Tuesday, August 25, 2009

Facebook: Delete Home Phones

I have an idea of how of how the Facebook, Twitting, and Texting generation can save money: they should take out their telephone. They don’t need anything other than their iPhones. When I call my sons’ home, either they can’t find the telephone so they can’t answer it, or they’re too busy with their over committed lives to take a moment to say, “Hello.” I assume they realize that if there father or I were ill, I would leave a message.

It is obvious they feel they have more control of their time if they email me news or post it on Facebook. For the first time in my life, I can truly understand the joke about senior parents telling their kids over the phone that they were getting divorced. (The joke predates iPhones and caller ID.) Their kids immediately dropped everything to come and fix the problem. When they left, their old Papa said to their aged Mama, “Okay, I thought of how to get them here this time. Next month, you think of a way.”

This morning I called one son’s home. No one answered. Then I went to my computer to do some work. Within the span of half an hour, I received one email from their home and there were two postings from two different residents in the house on Facebook. I know because I checked to make sure my children were alive and well – after all, they were out of their house before nine on a Saturday morning, which is unusual for them.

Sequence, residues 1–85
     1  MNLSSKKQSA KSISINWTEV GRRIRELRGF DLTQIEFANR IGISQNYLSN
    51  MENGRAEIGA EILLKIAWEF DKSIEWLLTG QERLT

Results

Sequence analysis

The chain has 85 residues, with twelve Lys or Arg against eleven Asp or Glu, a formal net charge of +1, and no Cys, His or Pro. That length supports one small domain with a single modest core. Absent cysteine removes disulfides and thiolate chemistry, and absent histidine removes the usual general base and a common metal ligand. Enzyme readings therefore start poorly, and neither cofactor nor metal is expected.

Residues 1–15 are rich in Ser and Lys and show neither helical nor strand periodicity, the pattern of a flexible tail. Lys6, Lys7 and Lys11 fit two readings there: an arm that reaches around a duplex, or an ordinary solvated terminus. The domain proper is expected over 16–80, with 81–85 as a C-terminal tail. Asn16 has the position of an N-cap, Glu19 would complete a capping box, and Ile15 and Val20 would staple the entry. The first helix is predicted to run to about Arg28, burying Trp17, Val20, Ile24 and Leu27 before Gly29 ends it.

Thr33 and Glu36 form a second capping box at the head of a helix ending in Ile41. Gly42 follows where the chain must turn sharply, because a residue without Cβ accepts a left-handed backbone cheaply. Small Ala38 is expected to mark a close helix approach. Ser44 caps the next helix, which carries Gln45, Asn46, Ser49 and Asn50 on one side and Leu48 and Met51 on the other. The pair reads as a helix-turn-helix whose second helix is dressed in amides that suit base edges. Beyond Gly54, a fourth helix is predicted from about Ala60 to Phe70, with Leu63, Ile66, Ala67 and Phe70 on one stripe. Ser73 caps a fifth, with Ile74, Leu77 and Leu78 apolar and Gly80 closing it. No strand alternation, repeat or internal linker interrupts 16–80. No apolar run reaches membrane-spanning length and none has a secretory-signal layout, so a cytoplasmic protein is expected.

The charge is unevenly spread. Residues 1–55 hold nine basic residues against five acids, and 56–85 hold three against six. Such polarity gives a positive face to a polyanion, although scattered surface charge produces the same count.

Maybe next time they call and ask what is doing, Hubby and I should give one-word answers and make sure we get off the phone in less than 30 seconds – the time it takes to post on Facebook or write an email. Perhaps once they realize we won’t take up that much time of their very busy lives, they will actually use the phone to communicate with us again.

Years ago, teachers learned that the attention span for a great lesson was seven minutes – the average time between commercials on television. Now senior citizens must learn that our conversations must be limited to no more than 30 seconds if we want to actually hear the younger generation’s voices. I guess it is a problem in the classroom also. Getting kids to write quality work with more than 150 characters is probably a challenge also – especially if spelling counts.

I wanted to end this with a texting short hand comment related to the blog, but all I know is r u :) 2day i hope u r and I’m not even sure that I “spelled” that right.

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